Coello made contact and placed a shot on target that was heading toward the bottom corner. The probability of the shot turning into a goal increased with how the player struck the ball. It was a good shot, and the post-shot xG was 0.85. By that number, 8½ times out of 10 that shot results in a goal.

In this case, it did not result in a goal – thanks to Atlanta United’s big, bald wall. A value of 0.85 post-shot expected goals shows that this was an extremely difficult shot for a goalkeeper to stop. Yet, Guzan reacted quickly. He dove and with his right hand blocked Coello’s shot. Statistically, of the seven saves Guzan made on the night, this save on Coello’s shot was the most difficult for him to make.

In this situation, Guzan would be awarded a +0.85 in the goals saved against average category, because he stopped a shot with a high probability of going in the net. Guzan and Atlanta United conceded two goals on Toronto’s 2.44 expected goals. Toronto finished the night with 3.1 post-shot expected goals, which means Guzan saved +1.1 goals more than average.

What does this mean exactly? To end up in the green against a team that was producing a lot of quality shots on goal demonstrates that Guzan handled the situation well – and that Atlanta United’s goalkeeping likely saved the team from giving up at least one more goal. That type of solid goalkeeping could indicate Atlanta United is performing well in the category compared to other clubs. Guzan has started every match for Atlanta United this season and ranks in the top-5 in MLS in post-shot expected goals, according to StatsBomb.  

Let’s look at one more example from the match to drive this point home. In the 43rd minute, Guzan came up with another save. Toronto FC curled a cross into the box right over the leap of Atlanta United center back Derrick Williams. Toronto’s Deandre Kerr rose to put a firm header on frame.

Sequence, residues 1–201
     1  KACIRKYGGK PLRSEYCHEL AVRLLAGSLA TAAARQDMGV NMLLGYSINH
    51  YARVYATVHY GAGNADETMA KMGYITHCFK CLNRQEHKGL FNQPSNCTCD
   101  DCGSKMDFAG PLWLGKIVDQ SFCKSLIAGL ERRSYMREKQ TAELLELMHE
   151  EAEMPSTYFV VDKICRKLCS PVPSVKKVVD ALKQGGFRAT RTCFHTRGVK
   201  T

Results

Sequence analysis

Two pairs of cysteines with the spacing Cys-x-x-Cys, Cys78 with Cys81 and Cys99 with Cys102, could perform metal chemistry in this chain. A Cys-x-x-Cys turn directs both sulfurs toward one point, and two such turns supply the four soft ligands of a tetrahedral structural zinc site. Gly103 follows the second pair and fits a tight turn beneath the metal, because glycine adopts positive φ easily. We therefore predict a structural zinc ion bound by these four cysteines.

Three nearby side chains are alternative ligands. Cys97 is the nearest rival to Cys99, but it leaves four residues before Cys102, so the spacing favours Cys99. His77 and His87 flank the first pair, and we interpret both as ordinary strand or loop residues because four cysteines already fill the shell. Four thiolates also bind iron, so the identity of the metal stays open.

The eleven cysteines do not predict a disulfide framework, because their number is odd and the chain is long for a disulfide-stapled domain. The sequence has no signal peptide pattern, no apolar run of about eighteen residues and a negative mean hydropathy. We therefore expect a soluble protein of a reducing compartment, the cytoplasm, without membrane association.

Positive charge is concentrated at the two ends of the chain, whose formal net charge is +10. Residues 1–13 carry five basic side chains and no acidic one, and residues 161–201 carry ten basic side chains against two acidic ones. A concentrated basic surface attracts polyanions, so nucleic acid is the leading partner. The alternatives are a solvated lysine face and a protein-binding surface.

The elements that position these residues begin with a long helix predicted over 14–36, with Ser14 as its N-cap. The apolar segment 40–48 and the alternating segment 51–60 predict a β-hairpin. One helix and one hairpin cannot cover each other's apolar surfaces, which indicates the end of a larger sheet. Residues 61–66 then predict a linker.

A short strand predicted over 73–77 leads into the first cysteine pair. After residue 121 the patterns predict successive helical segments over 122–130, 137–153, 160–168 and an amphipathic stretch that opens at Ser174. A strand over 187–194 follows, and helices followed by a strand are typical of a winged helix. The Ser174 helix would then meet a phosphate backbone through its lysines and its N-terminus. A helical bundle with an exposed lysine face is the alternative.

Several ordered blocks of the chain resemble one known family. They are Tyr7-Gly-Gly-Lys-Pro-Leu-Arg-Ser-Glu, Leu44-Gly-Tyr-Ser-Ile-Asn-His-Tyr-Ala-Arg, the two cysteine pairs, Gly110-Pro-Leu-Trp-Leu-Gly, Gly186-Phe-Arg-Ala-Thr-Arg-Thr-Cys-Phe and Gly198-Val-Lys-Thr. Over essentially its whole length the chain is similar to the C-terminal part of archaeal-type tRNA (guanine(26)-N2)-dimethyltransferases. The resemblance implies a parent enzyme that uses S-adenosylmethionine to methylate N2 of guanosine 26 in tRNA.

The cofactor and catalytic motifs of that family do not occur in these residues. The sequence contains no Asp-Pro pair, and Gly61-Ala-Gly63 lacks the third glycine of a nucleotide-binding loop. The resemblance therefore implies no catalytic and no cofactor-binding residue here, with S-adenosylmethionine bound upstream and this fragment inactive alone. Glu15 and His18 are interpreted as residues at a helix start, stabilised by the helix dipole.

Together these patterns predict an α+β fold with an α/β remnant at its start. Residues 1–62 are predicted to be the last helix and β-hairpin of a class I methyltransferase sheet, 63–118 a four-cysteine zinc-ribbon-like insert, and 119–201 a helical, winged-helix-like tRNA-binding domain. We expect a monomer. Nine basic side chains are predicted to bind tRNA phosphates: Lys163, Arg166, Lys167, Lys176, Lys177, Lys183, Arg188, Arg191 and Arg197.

Shots don’t get much closer than this one. The header arrived right on the edge of the six-yard box. The close range gave the shot a pre-shot xG value of 0.21, which means two times out of 10 that shot would go in. But because Kerr used his head, that created a little bit less certainty and control with his shot. The calculated post-shot xG for Kerr’s header was 0.23, not nearly as high as Coello’s shot later in the match.

Still, the closeness to goal created a dangerous situation for Atlanta United. Guzan's reaction was one of his quickest of the night. His block cleared Kerr's header over the crossbar and prevented Toronto FC from scoring what very nearly could’ve been their second goal of the night.

Guzan's play at the goalkeeping position has been good to start the season. Even after conceding twice to Toronto, Atlanta United still ranks tied for third in MLS in fewest goals against (4). Guzan has faced 19 shots this season and recorded 15 saves. His quality of play will be put to the test Sunday as Atlanta United hosts Chicago Fire, a team that has scored nine goals this season. Atlanta United will have most of their players back from international duty, and this one will be played at Mercedes-Benz Stadium, the site of Guzan’s last clean sheet on March 17.

Atlanta United's Data Scientist & Analyst Arjun Balaraman contributed to this story. Telestration by Khoury Kennedy, Atlanta United's Motion Graphics Producer and Video Editor.